Blockchain Foundations and Applications (MGT 491) is now offered as an elective in the minor in entrepreneurship and innovation.
The M.S. in Marketing Research (MSMR) program makes modern data-science techniques accessible by refining complicated concepts into easily digestible lessons balanced with real-world marketing applications.
With leadership from Richard Spreng, associate professor of marketing and MSMR academic director, Jessica Richards, MSMR program director, and Michael Brereton, founding advisory board chair, the program has reached its #1 status.
The Broad College has partnered with Bisk Education, Inc., to deliver executive education programs in supply chain management and business analytics in the United Arab Emirates through the University of Dubai.
As the Broad College begins its next chapter, the Edward J. Minskoff Pavilion will modernize and enhance the experience that each student will have. This 100,000-square-foot state-of-the-art building features technology-enabled flexible classrooms and learning spaces to create an innovative community for Broad Spartans.
The Minskoff Pavilion, a $62 million project, has been fully funded through private donations and support from more than 1,400 Broad College alumni and friends. The single largest gift in MSU’s 164-year history—$30 million—was made by Edward J. Minskoff, a Spartan alumnus and MSU’s 2013 Philanthropist of the Year.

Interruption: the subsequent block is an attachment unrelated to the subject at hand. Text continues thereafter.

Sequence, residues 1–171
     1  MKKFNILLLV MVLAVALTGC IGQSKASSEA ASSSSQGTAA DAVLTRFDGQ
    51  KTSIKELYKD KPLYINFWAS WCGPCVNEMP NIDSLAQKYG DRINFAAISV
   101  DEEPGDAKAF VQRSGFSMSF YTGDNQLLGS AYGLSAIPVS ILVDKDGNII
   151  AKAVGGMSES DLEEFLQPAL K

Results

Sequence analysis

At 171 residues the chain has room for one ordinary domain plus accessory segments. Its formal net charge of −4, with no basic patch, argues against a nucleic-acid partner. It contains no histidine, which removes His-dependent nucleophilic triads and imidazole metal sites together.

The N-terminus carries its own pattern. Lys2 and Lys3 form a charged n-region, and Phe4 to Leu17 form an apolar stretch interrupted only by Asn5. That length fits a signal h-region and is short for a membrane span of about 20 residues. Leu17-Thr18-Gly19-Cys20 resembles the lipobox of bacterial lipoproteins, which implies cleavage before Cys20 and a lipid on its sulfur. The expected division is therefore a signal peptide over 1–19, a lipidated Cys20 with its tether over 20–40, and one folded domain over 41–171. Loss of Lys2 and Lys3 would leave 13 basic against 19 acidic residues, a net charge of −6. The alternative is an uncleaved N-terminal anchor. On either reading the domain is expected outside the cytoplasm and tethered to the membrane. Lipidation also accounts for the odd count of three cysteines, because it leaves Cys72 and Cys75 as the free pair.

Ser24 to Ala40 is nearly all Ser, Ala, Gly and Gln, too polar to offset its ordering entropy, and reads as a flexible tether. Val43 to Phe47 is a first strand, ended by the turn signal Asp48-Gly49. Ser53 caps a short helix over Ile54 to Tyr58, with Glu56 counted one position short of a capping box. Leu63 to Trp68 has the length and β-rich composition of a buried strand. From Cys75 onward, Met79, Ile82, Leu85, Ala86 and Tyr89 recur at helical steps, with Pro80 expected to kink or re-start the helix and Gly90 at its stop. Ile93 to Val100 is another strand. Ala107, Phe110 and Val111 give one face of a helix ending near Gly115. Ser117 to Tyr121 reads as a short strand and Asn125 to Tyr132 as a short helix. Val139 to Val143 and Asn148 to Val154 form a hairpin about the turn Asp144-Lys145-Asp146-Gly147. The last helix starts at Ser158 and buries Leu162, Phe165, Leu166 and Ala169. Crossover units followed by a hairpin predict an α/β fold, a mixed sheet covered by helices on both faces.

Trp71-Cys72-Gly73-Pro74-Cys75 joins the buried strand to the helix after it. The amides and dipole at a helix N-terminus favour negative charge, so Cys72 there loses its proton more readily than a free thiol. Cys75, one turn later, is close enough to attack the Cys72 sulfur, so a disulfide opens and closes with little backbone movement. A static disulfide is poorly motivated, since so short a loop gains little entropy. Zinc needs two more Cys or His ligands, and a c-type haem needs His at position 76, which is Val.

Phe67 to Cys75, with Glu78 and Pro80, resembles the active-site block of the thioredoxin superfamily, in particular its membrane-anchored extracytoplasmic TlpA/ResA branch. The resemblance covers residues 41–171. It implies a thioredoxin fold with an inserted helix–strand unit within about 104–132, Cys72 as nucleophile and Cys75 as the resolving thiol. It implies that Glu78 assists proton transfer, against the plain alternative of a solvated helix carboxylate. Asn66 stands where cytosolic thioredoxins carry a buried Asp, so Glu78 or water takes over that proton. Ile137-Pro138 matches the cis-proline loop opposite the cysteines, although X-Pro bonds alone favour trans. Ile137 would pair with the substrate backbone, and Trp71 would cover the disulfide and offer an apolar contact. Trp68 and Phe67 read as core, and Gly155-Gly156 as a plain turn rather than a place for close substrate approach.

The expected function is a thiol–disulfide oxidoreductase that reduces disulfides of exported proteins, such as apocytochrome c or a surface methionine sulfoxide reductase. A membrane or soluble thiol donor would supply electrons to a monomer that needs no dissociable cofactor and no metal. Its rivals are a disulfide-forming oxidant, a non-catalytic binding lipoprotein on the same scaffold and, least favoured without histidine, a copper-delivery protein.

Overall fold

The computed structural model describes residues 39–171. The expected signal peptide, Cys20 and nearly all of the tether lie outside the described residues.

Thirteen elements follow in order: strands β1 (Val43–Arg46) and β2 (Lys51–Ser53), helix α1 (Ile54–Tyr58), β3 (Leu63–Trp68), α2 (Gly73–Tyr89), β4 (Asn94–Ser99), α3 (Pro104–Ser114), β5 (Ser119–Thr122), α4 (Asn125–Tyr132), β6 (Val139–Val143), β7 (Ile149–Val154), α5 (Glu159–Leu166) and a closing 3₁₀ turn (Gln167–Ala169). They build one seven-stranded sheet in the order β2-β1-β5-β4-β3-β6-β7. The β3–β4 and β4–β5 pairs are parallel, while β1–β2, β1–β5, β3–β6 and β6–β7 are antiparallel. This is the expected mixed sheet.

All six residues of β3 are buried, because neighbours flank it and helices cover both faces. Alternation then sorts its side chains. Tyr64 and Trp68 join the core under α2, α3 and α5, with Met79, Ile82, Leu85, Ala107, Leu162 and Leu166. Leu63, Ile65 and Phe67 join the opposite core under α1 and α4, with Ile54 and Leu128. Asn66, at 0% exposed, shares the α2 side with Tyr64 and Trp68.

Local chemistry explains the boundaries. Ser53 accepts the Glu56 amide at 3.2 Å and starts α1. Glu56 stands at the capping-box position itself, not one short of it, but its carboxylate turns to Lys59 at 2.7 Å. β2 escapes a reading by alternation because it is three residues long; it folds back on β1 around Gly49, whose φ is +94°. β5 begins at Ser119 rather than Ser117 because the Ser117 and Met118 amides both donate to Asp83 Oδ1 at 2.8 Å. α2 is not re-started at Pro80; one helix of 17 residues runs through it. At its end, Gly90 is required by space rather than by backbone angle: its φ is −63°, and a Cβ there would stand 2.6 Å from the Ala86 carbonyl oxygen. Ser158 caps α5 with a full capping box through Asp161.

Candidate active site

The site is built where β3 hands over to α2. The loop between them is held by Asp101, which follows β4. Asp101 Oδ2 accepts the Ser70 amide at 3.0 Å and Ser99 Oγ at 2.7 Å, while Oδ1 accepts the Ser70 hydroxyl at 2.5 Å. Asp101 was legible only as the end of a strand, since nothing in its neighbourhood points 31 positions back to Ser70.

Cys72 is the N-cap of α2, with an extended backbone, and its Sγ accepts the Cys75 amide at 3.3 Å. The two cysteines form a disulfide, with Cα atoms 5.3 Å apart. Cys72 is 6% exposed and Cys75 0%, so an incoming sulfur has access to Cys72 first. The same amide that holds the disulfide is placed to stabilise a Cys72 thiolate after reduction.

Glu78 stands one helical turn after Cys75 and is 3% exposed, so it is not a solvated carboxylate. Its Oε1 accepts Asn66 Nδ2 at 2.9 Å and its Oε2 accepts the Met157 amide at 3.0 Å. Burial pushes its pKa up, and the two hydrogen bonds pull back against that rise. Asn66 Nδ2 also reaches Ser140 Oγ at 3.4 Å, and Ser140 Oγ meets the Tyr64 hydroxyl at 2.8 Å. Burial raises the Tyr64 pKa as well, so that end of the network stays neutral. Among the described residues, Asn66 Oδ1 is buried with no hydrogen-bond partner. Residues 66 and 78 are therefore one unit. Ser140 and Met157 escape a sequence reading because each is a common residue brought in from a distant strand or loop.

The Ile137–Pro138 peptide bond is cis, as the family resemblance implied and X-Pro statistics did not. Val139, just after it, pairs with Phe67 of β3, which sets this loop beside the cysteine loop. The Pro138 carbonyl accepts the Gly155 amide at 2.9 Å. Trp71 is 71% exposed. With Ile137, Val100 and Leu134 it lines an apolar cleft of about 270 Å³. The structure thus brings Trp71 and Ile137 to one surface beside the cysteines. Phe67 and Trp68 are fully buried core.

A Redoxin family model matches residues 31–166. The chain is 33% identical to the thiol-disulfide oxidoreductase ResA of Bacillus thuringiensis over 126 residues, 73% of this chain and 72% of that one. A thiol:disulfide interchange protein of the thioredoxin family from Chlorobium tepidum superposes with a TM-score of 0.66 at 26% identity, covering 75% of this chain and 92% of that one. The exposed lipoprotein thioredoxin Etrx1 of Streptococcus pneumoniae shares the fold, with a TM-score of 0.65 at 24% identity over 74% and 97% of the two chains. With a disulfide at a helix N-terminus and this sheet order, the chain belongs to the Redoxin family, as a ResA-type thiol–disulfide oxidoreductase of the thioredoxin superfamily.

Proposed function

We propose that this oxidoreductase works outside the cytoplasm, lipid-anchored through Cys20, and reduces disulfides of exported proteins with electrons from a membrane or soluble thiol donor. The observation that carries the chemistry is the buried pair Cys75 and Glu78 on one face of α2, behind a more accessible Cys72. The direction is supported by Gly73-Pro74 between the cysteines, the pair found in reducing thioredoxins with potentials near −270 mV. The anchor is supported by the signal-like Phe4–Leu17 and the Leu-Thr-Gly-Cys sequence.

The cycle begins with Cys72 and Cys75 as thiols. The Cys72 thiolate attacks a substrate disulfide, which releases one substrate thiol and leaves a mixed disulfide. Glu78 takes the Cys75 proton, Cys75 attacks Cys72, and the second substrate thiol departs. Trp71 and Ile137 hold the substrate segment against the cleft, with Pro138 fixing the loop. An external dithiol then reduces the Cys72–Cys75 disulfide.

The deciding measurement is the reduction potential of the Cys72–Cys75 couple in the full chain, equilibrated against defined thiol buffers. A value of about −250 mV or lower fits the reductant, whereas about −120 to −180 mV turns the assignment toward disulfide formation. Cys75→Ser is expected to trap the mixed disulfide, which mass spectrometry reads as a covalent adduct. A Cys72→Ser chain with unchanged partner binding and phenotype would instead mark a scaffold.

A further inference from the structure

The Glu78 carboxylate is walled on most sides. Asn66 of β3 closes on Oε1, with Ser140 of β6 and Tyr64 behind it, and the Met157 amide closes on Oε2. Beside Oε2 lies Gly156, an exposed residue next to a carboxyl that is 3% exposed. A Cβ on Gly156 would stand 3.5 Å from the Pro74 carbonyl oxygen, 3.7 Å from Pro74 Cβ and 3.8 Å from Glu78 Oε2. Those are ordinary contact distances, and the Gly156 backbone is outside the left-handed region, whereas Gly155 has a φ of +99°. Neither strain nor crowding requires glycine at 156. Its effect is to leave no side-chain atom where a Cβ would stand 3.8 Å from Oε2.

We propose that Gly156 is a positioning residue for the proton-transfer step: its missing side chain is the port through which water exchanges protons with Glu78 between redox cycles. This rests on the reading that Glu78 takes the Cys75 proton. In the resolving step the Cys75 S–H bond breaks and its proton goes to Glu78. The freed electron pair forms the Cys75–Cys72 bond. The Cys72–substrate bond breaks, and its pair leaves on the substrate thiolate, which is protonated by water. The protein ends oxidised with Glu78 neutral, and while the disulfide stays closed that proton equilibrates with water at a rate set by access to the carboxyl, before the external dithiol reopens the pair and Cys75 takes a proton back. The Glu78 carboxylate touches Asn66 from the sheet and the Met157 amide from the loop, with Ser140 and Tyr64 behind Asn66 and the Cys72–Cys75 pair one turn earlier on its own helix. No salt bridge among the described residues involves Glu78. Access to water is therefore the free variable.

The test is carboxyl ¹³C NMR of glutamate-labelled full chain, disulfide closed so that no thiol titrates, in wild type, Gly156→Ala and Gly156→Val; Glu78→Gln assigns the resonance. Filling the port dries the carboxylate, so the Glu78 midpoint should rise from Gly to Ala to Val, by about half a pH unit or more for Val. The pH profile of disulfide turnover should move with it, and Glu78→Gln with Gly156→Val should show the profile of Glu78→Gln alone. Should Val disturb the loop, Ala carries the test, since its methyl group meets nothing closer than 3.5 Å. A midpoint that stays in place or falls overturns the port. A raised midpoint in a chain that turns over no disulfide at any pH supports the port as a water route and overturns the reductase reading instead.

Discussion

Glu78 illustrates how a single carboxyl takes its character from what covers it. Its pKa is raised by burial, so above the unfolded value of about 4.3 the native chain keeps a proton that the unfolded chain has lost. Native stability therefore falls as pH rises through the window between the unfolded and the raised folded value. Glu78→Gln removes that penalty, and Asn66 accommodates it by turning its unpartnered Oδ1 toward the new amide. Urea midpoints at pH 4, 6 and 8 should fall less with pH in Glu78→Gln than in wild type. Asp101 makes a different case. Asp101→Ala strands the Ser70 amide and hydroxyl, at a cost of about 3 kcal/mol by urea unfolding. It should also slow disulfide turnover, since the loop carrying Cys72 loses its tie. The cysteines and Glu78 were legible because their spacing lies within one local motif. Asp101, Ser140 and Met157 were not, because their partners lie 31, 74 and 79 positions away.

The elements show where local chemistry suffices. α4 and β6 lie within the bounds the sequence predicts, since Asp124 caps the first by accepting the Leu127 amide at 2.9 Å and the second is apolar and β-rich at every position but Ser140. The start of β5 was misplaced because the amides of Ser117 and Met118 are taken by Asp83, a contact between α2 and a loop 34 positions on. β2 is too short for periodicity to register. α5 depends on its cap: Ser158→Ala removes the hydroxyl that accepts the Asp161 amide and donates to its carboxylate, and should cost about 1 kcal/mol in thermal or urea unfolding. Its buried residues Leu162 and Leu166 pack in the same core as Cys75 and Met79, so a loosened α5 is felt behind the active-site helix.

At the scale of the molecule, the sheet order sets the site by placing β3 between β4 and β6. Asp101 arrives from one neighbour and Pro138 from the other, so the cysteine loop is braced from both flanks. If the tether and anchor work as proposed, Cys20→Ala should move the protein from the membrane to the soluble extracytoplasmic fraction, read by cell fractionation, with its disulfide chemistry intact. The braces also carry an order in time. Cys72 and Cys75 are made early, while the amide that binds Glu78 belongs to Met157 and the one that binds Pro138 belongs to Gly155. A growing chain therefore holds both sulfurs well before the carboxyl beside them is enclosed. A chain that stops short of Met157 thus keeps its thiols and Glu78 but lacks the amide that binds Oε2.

The Minskoff Pavilion has been designed and constructed with a single-minded focus on community, collaboration, and networking. The Broad College will be positioned at the forefront of technology, connectivity, and sustainability and will provide our community with the resources it needs to thrive beyond the classroom. The Broad College will cultivate transformational business leaders who will make business happen.
Edward J. Minskoff is a Spartan alumnus with an unshakable bond to MSU. Minskoff received his B.A. in Economics in 1962 and has been showing his financial support for the university since 1964.
As the founder and president of Edward J. Minskoff Equities, Inc., Minskoff has forged a successful career path in real estate investment and development. He received an honorary doctorate in business from the Broad College in 2009. He is also a member of the President’s Campaign Cabinet.